Look for it in mid 2003.

Pick up your complimentary copies of Art & Culture – Lanna and Art & Culture – Phuket (and Beyond) at major hotels and outlets in Bangkok, Phuket and Lanna, Thai Airways and TAT offices internationally and many other outlets – or contact directly to the Art & Culture offices in Phuket or Chiang Mai.

Chiang Mai Office: Art & Culture, Serendipity Designs Co., Ltd., Micro Genesis Building, 14/1 Soi 17, 3rd Floor Nimanhaemin Road, T. Suthep, Muang Chiang Mai 50200, Tel: 053 894 910, Fax: 053 894 911, email: [email protected]uket.ksc.co.th Website: ArtandCultureAsia.com

Expat and Thai artists create collaborative theater

Show scheduled to open January 9

by Kristin Barendsen

Thirty-six young Chiang Mai artists, with a near-equal balance of Westerners and Thais, are collaborating to write, produce, and perform a musical based on Thai folklore and Western mythology. “Watachakra - Ad Infinitum” weaves a mermaid, a young hunter, and an evil monkey in a plot of love and betrayal. With original music performed live, the show features singing, dancing, video effects, and elaborate costumes. The piece is in English, with Thai subtitles projected on a screen.

Co-director Laura Spector and actor Chadwick Gray, New York artists turned expats, felt their creative energy was underutilized in Chiang Mai. In October they held an open meeting for Western and Thai artists, and found that many “had a lot of artistic energy and nowhere to channel it,” Spector says.

People from 13 countries brainstormed together and decided to put on a show, although they had no script, no budget and a tight time schedule. Writers hammered out a script as musicians held jam sessions at the Rasta Cafe. Local actors responded to an open casting call. The piece is currently in rehearsals, and will be performed January 9-12 at CMU Art Museum Theater.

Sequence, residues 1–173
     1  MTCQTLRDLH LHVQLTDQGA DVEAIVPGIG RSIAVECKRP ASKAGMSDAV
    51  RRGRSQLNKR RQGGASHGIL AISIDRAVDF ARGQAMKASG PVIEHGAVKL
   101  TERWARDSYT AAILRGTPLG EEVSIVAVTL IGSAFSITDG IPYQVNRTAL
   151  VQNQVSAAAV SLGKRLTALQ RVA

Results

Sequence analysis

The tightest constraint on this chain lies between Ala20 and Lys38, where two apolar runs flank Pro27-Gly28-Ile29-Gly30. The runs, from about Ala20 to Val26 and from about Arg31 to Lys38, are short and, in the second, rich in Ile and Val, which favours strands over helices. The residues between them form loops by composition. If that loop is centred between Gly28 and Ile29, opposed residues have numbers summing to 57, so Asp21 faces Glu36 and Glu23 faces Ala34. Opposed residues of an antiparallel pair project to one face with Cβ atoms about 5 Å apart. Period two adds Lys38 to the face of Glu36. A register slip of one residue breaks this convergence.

Spector was surprised at how many people came to the first meeting, but more surprised at how many stuck with it. “As a foreigner, it’s easy to travel, but difficult to get involved in the community.” She says expats want to get involved, “and collaborating with Thai people is one way to do that.”

The group chose to work on a play “because we could integrate every art form we had available: music, drama, visual arts, dance, animation, sets, and costuming.” A seven-piece live band mixes ancient Thai instruments with bamboo sax, djambe, piano, and bass guitar. The musical style ranges from classical opera through rock and hip-hop. All songs are old Thai lullabies, sung in Thai to original music.

“One fear I had was that I don’t speak much Thai,” Spector says. “But some of our Thai people can translate; others speak a little English, so we get by. Some of the farangs involved speak English as a second language also, so it’s the same issue.”